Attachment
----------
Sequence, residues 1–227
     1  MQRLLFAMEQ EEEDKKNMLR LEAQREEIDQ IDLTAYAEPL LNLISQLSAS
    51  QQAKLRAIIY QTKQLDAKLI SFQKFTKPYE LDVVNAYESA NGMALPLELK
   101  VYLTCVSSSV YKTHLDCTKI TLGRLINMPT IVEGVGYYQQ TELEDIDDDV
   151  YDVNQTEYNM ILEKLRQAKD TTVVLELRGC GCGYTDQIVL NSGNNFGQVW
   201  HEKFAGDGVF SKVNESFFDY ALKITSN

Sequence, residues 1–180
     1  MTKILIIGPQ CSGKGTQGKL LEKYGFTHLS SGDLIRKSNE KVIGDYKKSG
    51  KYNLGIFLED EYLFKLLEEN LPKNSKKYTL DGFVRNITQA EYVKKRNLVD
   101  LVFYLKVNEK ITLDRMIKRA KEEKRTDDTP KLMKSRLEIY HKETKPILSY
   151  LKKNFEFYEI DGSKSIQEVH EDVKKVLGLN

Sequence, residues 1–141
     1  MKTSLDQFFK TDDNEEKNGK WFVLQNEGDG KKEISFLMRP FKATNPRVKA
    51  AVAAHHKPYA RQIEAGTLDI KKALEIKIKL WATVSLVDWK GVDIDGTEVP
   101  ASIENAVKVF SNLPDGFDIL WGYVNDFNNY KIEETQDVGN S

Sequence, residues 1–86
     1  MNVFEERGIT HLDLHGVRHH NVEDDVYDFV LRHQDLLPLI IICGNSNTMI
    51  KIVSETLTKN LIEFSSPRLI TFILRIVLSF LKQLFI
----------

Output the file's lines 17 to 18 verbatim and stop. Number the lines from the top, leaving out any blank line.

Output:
     1  MNVFEERGIT HLDLHGVRHH NVEDDVYDFV LRHQDLLPLI IICGNSNTMI
    51  KIVSETLTKN LIEFSSPRLI TFILRIVLSF LKQLFI